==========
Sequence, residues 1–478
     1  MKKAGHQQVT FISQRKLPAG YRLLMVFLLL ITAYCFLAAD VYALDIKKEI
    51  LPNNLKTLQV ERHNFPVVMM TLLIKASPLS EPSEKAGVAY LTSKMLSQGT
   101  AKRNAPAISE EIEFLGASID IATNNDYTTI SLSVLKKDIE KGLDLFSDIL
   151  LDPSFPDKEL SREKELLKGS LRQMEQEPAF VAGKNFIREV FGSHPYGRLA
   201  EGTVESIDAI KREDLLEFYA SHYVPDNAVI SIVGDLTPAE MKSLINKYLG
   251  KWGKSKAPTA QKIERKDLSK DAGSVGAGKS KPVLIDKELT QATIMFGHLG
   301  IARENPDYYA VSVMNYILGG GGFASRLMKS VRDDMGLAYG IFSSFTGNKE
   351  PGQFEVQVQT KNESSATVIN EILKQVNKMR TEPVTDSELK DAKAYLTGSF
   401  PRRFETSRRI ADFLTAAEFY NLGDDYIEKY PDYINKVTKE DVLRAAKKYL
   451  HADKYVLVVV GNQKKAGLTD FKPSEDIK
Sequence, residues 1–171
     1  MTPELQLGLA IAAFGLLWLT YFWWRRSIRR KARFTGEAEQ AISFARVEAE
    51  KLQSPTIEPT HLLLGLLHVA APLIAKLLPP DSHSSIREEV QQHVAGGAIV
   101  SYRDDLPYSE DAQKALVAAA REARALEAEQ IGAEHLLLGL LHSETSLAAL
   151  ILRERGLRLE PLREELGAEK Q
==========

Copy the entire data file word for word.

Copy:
Sequence, residues 1–478
     1  MKKAGHQQVT FISQRKLPAG YRLLMVFLLL ITAYCFLAAD VYALDIKKEI
    51  LPNNLKTLQV ERHNFPVVMM TLLIKASPLS EPSEKAGVAY LTSKMLSQGT
   101  AKRNAPAISE EIEFLGASID IATNNDYTTI SLSVLKKDIE KGLDLFSDIL
   151  LDPSFPDKEL SREKELLKGS LRQMEQEPAF VAGKNFIREV FGSHPYGRLA
   201  EGTVESIDAI KREDLLEFYA SHYVPDNAVI SIVGDLTPAE MKSLINKYLG
   251  KWGKSKAPTA QKIERKDLSK DAGSVGAGKS KPVLIDKELT QATIMFGHLG
   301  IARENPDYYA VSVMNYILGG GGFASRLMKS VRDDMGLAYG IFSSFTGNKE
   351  PGQFEVQVQT KNESSATVIN EILKQVNKMR TEPVTDSELK DAKAYLTGSF
   401  PRRFETSRRI ADFLTAAEFY NLGDDYIEKY PDYINKVTKE DVLRAAKKYL
   451  HADKYVLVVV GNQKKAGLTD FKPSEDIK
Sequence, residues 1–171
     1  MTPELQLGLA IAAFGLLWLT YFWWRRSIRR KARFTGEAEQ AISFARVEAE
    51  KLQSPTIEPT HLLLGLLHVA APLIAKLLPP DSHSSIREEV QQHVAGGAIV
   101  SYRDDLPYSE DAQKALVAAA REARALEAEQ IGAEHLLLGL LHSETSLAAL
   151  ILRERGLRLE PLREELGAEK Q